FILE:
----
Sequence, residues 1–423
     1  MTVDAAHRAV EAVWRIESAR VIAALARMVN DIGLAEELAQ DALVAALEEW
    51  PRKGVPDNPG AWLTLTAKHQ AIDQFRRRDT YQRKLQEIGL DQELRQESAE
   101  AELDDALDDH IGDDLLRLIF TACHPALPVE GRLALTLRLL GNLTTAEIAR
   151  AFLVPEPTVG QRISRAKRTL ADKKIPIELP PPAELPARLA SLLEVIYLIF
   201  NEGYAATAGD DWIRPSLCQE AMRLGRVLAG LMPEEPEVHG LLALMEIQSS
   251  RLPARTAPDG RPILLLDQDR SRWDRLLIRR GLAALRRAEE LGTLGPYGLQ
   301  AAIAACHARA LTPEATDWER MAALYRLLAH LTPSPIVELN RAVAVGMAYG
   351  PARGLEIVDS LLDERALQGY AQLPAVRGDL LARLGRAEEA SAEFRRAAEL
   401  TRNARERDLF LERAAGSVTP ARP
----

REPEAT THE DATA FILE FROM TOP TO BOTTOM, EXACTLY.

Sequence, residues 1–423
     1  MTVDAAHRAV EAVWRIESAR VIAALARMVN DIGLAEELAQ DALVAALEEW
    51  PRKGVPDNPG AWLTLTAKHQ AIDQFRRRDT YQRKLQEIGL DQELRQESAE
   101  AELDDALDDH IGDDLLRLIF TACHPALPVE GRLALTLRLL GNLTTAEIAR
   151  AFLVPEPTVG QRISRAKRTL ADKKIPIELP PPAELPARLA SLLEVIYLIF
   201  NEGYAATAGD DWIRPSLCQE AMRLGRVLAG LMPEEPEVHG LLALMEIQSS
   251  RLPARTAPDG RPILLLDQDR SRWDRLLIRR GLAALRRAEE LGTLGPYGLQ
   301  AAIAACHARA LTPEATDWER MAALYRLLAH LTPSPIVELN RAVAVGMAYG
   351  PARGLEIVDS LLDERALQGY AQLPAVRGDL LARLGRAEEA SAEFRRAAEL
   401  TRNARERDLF LERAAGSVTP ARP